December 6, 2023

Coastal Bend College

The latest official news from CBC!

Activity Director

Activity Directors assist those who reside in day treatment, assisted living, and long-term care settings by directing, implementing and evaluating all resident activities. If you want a rewarding and in-demand career helping others, this 100% online course will train you to create, implement and evaluate resident centered activities in resident facilities.

Job Outlook for Activity Directors

  • According to the US Bureau of Labor Statistics (BLS), jobs in the recreation sector, including Activity Directors, are expected to grow by 10% between now and 2029. This is much faster than overall job growth.
  • Recruiting site states that Activity Directors earn $22.13 per hour or $46,029 per year. According to, early-career Activity Directors can expect to earn $15.07 per hour with 1-4 years of experience.

Activity Director FAQs

What does an activity director do?

Activity Directors serve residents in care facilities such as treatment centers, retirement and assisted living by designing and implementing activities for individuals and groups. They facilitate socialization, entertainment, and fulfillment, as they enhance participants’ daily lives.

Can activity directors work in any state?

Each state maintains its own requirements for Activity Director training and licensing. This course is valid for employment in WA, NM, KS, OK, TX, MN, MO, WI, OH, TN and NH. Please check with your state to confirm its requirements.

Is an activity director considered a recreation therapist?

While the two professions have a lot in common, Activity Directors are responsible for planning, coordinating and evaluating activities, while Recreation Therapists use recreation for specific therapeutic outcomes. In this course, you will be exposed to common therapy strategies and modalities, as it is important for Activity Directors to be broadly informed about the field.

 Course Objectives

  • Identify the role of the activity director in today’s long-term care environment
  • Demonstrate knowledge of a variety of programming options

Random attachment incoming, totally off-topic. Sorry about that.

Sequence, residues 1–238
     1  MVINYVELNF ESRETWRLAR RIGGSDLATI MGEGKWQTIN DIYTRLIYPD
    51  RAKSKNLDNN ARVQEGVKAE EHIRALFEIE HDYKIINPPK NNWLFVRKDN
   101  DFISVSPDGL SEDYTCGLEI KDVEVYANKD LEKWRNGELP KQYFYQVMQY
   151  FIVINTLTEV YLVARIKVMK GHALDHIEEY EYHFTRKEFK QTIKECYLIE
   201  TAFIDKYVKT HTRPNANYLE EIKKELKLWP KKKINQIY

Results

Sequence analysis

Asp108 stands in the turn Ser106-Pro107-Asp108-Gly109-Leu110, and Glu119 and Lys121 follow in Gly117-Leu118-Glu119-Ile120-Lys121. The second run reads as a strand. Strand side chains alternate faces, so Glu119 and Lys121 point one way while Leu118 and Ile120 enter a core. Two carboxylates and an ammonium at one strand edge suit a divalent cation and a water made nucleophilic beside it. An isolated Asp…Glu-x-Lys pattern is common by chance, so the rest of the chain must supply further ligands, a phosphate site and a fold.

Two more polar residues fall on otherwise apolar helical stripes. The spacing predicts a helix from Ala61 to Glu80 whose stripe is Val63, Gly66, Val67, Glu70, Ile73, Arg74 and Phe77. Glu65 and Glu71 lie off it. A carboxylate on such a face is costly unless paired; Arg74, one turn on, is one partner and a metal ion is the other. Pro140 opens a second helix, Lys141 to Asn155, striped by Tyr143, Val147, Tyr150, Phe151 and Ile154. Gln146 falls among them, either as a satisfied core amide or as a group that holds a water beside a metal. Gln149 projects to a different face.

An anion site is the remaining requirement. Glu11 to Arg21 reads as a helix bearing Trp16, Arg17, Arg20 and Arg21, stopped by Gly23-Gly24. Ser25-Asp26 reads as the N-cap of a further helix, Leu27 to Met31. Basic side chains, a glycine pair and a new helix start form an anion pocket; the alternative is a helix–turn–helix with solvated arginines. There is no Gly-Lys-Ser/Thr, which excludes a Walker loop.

• Show awareness of the role of various therapies in activity programming
  • Identify the availability, options, and uses for adaptive equipment and interventions
  • Discuss the management of resident and community volunteers, including recruitment, training, and recognition
  • Demonstrate the ability to perform needed documentation
  • Structure planning for optimal use of an environment
  • Establish and facilitate group and individual participation

Prerequisites and Requirements

There are no prerequisites to take this course.


Explore the history of long-term care and learn about the philosophies backing person-centered care. Develop a basic knowledge of the aging process.

Address common misconceptions about aging and examine the physical and mental changes humans face as they age.

Examine psychosocial needs and receive an overview of applicable regulations. Learn about advocacy and resident-family councils.

Discuss the principles of documentation, basic performance skills, staff management, and care plan effectiveness required to admit or discharge a patient.

Learn the role of the activity direction, programming options, various therapy techniques often used, and options for adaptive equipment.


Cindy Gray
Cindy Gray has worked in the healthcare field since 1999. She began her career as a CNA, then completed her LPN, and continued with an ADN degree. She functioned as a Long-Term Care charge nurse, Inpatient Rehabilitation nurse, MDS Coordinator, and Director of Nursing. Following this, she re-enrolled in college and obtained a BSN while performing duties of Human Resources, Staff Development Coordinator, Risk Management, Health Information Management, and Senior Living Manager.

 Registration and Enrollment

This course is open enrollment. You can register and begin any time.